>>>>> opposed to doc._id, null and using include_docs - because we found
>>>>> that doc._id,null gave us a 30% speedup on building the views, but
>>>>> cost us about the same on each additional hit to the view.
>>>>>
>>>>> Scott
>>>>>
>>>>> On Thu, Jul 2, 2009 at 2:15 PM, Scott Shumaker<sshumaker@gmail.com>
wrote:
>>>>>> We see times that are considerably worse.  We mostly have maps -
very
>>>>>> few reduces.  We have 40k objects, about 25 design docs, and 90
views.
>>>>>>  Although we're about to change the code to auto-generate the design
>>>>>> docs based on the view filters used (re: view filter patch) - see
if
>>>>>> that helps.
>>>>>>
>>>>>> Maybe it's because we have larger objects - but re-indexing a typical
>>>>>> new view takes > 5 minutes (with view filtering off).  Some are
worse.
>>>>>>  With view filtering on some can be quite fast - some views finish
in
>>>>>> like 10 seconds.  Interestingly, reindexing all views takes about
an
>>>>>> hour - with or without view filtering.  I'm guessing that a
>>>>>> substantial part of the bottleneck is erlang -> json serialization.
>>>>>> Many of our objects are heavily nested structures and exceed 10k
in
>>>>>> size.  One other note - when we tried dropping in the optimized
>>>>>> 'main.js' posted on the mailing list, we saw an overall 20% speedup.
>>>>>> Unfortunately, it wasn't compatible with the authentication stuff,
and
>>>>>> the deployment was a bit wacky, so we're holding off on that right
>>>>>> now.
>>>>>>
>>>>>>
>>>>>> On Thu, Jul 2, 2009 at 11:30 AM, Damien Katz<damien@apache.org>
wrote:
>>>>>>>
>>>>>>> On Jul 2, 2009, at 1:55 PM, Paul Davis wrote:
>>>>>>>
>>>>>>>> On Thu, Jul 2, 2009 at 1:29 PM, Damien Katz<damien@apache.org>
wrote:
>>>>>>>>>
>>>>>>>>> On Jul 2, 2009, at 1:16 PM, Jason Davies wrote:
>>>>>>>>>
>>>>>>>>>> On 2 Jul 2009, at 15:38, Brian Candler wrote:
>>>>>>>>>>
>>>>>>>>>>> For some fruit that was so low-hanging that I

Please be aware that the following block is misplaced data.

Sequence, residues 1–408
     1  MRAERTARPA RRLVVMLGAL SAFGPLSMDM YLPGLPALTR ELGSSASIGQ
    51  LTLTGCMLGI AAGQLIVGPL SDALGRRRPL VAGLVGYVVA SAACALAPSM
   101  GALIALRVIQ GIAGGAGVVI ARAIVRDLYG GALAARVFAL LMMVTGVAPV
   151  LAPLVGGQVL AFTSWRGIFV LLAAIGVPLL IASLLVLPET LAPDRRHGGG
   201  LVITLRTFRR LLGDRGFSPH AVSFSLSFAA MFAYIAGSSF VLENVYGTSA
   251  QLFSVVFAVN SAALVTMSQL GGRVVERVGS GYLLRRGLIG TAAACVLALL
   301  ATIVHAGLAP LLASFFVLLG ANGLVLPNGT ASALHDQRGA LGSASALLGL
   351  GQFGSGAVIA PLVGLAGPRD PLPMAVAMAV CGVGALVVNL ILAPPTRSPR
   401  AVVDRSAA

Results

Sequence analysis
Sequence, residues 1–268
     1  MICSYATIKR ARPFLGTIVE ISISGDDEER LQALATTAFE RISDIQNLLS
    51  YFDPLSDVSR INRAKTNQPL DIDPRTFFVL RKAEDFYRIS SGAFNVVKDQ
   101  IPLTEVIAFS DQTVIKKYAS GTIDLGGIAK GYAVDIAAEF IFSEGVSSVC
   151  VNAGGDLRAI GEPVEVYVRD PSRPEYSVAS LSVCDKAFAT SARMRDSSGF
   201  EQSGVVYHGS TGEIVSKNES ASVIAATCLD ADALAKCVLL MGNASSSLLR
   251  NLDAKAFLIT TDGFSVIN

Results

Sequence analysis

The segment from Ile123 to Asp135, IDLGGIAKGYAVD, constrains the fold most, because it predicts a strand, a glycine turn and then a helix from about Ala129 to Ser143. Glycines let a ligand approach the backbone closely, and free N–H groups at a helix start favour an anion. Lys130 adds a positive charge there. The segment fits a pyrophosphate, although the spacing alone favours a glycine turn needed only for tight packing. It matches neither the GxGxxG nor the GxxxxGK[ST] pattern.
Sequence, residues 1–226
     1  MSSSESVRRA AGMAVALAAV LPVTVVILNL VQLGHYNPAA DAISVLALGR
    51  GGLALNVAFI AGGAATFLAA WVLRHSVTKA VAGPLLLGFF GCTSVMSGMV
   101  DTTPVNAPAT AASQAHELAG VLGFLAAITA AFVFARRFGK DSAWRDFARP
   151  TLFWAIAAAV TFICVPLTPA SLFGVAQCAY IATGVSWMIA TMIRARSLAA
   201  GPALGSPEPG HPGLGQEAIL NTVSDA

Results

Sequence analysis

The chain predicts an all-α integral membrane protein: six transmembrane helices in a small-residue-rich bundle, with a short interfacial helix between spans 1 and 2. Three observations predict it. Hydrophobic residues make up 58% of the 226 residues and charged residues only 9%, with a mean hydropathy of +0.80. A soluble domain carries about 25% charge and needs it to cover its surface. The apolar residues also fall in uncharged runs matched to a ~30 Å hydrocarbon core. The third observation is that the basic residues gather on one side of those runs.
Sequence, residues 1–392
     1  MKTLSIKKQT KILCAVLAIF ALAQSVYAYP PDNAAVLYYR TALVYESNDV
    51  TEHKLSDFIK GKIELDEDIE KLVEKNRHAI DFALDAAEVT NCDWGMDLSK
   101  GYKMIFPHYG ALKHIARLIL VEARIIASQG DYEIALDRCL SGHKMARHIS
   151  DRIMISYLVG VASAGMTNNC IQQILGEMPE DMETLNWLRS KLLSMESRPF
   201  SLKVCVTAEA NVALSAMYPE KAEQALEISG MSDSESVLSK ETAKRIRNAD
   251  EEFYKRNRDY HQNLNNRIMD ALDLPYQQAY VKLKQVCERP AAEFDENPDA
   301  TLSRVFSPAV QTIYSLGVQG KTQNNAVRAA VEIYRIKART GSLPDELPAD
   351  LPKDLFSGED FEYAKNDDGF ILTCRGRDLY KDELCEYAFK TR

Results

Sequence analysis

nearly stubbed my toe on
>>>>>>>>>>> it,
>>>>>>>>>>> see https://issues.apache.org/jira/browse/COUCHDB-399
>>>>>>>>>>
>>>>>>>>>>
>>>>>>>>>> Nice work!  I'd be interested to see what kind of
performance increase
>>>>>>>>>> we
>>>>>>>>>> get from Spidermonkey 1.8.1, which comes with native
JSON
>>>>>>>>>> parsing/encoding.
>>>>>>>>>>  See here for details:
>>>>>>>>>> https://developer.mozilla.org/En/Using_native_JSON .
>>>>>>>>>>
>>>>>>>>>> Rumour has it 1.8.1 will be released any time soon
(TM)
>>>>>>>>>
>>>>>>>>> I'm not sure the new engine is such a no-brainer. One
thing about the new
>>>>>>>>> generation of JS VMs is we've seen greatly increased
memory usage with
>>>>>>>>> earlier versions. Also the startup times might be longer,
or shorter.
>>>>>>>>>
>>>>>>>>> Though I wonder if this can be improved by forking a
JS process rather
>>>>>>>>> than
>>>>>>>>> spawning a new process.
>>>>>>>>>
>>>>>>>>
>>>>>>>> Memory usage is a definite concern. I'm not sure I follow
why startup
>>>>>>>> times would be important though. Am I missing something?
>>>>>>>
>>>>>>> Start up time isn't a huge concern, but it's is a something to
consider. On
>>>>>>> a heavily loaded system, scripts that normally work might start
to time out,
>>>>>>> requiring restarting the process. Lots of restarts may start
to eat lots cpu
>>>>>>> and memory IO.
>>>>>>>
>>>>>>> -Damien
>>>>>>>
>>>>>>>
>>>>>>>>
>>>>>>>>> -Damien
>>>>>>>>>
>>>>>>>>>> --
>>>>>>>>>> Jason Davies
>>>>>>>>>>
>>>>>>>>>> www.jasondavies.com
>>>>>>>>>>
>>>>>>>>>
>>>>>>>>>
>>>>>>>
>>>>>>>
>>>>>>
>>>>>
>>>>
>>>
>>
>